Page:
Marvel chairman Perlmutter's wife sues Kasowitz Benson over 'malicious' lawsuit

An empty area of Miami Beach is seen after local authorities closed bars, restaurants and some areas of beaches to the public for precaution due to coronavirus disease (COVID-19) spread, in Miami Beach, Florida, U.S.
REUTERS/Carlos Barria
  • Laura Perlmutter says Kasowitz Benson showed 'conscious indifference' to its actions in related case
  • Lawsuit has origins in dispute over Florida tennis court

Dec 21 - The wife of Marvel Entertainment LLC chairman Isaac (Ike) Perlmutter has filed a lawsuit accusing the law firm Kasowitz Benson Torres of maliciously prosecuting a lawsuit that falsely claimed she was behind a hate mail campaign against a Palm Beach neighbor.

Laura Perlmutter filed the lawsuit on Tuesday in Palm Beach County Circuit Court, three months after a judge dismissed a long-running lawsuit by Toronto businessman Harold Peerenboom that claimed the Perlmutters were behind the mailings.

The new lawsuit accuses the firm and a former partner, Michael Bowen, of "a conscious indifference to the consequences of their actions," which included seeking Perlmutter's criminal prosecution based on DNA test results that falsely implicated her.

"Wherever there was clear evidence pointing away from Laura Perlmutter during this extended wild goose chase, Kasowitz Benson and Bowen ignored it," Jay Eisenhofer, her lawyer at Grant & Eisenhofer, said in a statement.

New York-based Kasowitz Benson, founded by well-known litigator Marc Kasowitz, in a statement from a spokesperson called Perlmutter's claims "frivolous," "meritless" and "false."

Bowen, now a partner at Glenn Agre Bergman & Fuentes, did not respond to a request for comment. Peerenboom, who was not named as a defendant, could not be reached for comment.

The case stemmed from a dispute over about the management of the tennis court at a Palm Beach complex where Ike Perlmutter, who sold Marvel to The Walt Disney Co for $4 billion in 2009, and Peerenboom lived.

During the dispute, Mr. Perlmutter in 2011 circulated news articles about Peerenboom to members of the complex's community.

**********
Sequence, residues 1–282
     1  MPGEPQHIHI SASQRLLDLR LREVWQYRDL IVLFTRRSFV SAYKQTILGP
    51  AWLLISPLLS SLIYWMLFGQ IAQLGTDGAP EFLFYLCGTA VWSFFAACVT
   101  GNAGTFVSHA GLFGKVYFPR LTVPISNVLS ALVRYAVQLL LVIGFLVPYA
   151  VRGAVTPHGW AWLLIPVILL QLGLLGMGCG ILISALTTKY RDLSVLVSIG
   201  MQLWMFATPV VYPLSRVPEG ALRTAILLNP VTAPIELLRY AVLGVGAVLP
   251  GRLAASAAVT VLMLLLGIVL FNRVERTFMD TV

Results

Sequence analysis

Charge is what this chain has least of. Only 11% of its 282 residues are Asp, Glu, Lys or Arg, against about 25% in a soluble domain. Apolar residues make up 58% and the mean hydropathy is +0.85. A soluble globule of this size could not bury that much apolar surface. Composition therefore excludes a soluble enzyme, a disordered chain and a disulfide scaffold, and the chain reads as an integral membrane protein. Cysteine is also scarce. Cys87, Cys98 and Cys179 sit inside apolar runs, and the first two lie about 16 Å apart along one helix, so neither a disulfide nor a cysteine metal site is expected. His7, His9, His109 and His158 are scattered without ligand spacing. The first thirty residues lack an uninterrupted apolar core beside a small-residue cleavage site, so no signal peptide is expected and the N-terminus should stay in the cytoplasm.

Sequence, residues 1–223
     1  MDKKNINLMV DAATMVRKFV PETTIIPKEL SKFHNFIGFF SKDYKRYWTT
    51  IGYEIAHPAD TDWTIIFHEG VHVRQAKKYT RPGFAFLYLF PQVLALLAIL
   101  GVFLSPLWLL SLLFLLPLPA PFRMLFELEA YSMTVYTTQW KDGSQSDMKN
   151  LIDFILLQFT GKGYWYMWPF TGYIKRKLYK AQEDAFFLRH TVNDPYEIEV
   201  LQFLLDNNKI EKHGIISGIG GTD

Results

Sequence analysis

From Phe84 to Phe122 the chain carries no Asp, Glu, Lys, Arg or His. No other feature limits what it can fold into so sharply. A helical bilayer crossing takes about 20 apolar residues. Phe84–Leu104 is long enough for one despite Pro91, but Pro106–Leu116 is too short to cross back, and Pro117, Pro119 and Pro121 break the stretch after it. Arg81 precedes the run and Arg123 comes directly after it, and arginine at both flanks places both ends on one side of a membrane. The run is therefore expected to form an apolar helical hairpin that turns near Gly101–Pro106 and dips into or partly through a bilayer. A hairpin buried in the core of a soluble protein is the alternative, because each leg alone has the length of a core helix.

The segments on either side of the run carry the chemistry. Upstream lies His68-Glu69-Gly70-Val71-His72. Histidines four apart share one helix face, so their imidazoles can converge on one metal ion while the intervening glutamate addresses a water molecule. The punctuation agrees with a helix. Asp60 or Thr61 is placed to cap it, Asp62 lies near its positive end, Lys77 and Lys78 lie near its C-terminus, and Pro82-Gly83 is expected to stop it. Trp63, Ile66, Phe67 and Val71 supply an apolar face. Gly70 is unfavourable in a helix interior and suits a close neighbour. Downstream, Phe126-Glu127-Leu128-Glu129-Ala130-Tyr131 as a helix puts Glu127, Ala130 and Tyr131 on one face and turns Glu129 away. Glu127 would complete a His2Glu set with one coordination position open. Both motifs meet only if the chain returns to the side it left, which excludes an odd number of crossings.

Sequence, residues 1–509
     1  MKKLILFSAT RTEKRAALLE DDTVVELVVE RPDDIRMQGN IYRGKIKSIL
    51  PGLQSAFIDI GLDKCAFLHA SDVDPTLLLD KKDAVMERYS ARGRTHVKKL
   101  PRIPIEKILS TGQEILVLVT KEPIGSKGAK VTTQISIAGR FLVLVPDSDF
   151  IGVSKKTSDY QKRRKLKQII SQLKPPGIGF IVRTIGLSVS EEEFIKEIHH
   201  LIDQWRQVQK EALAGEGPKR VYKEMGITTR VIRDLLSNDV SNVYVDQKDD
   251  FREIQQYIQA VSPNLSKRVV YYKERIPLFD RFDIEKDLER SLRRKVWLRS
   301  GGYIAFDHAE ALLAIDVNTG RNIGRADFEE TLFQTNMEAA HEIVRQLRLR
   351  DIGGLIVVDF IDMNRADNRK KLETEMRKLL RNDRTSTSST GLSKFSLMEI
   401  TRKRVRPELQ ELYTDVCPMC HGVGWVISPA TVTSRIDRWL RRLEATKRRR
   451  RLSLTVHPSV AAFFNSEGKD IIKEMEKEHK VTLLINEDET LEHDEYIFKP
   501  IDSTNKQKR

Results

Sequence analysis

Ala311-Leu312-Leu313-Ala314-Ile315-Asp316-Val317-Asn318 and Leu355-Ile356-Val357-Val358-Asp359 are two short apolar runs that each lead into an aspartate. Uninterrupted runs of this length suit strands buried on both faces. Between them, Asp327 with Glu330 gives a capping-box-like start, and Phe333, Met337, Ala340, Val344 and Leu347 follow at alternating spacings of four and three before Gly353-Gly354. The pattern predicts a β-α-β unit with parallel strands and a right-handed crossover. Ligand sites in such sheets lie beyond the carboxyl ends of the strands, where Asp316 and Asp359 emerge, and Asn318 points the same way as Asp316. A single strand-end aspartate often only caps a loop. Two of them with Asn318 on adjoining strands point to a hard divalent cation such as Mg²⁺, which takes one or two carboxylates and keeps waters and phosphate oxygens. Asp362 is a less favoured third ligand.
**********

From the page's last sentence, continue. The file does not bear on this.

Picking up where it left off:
Then beginning in 2012, thousands of anonymous letters began circulating as part of a wide-ranging hate mail campaign falsely accusing Peerenboom of, among other things, sexual assault.

Peerenboom blamed the Perlmutters and sued in 2013 for libel. To support his case, Peerenboom cited DNA evidence that he claimed linked Laura Perlmutter to the hate mail.

In Tuesday's lawsuit, Laura Perlmutter said her DNA was "illegally obtained" during depositions in litigation related to the tennis court.

She said Peerenboom and Kasowitz Benson disseminated the DNA results, which were based on a contaminated sample, to media, police and the court despite knowing it was obtained through illegal means.

In September, Circuit Judge Cymonie Rowe dismissed Peerenboom's 2013 libel case after concluding there was "no evidence whatsoever that the Perlmutters had any hand in those mailings."

She instead said the evidence "richly establishes" that a former employee of Peerenboom's company who was fired in 2011 and one of his friends was behind the hate mail campaign.

The case is Perlmutter v. Kasowitz Benson Torres LLP, 15th Judicial Circuit Court, Florida.

For Perlmutter: Jay Eisenhofer and Kelly Tucker of Grant & Eisenhofer; and Joshua Dubin

For Kasowitz: Unknown.

(This story has been updated with a comment from Kasowitz Benson Torres.)

Our Standards: The Thomson Reuters Trust Principles.

Thomson Reuters

Nate Raymond reports on the federal judiciary and litigation. He can be reached at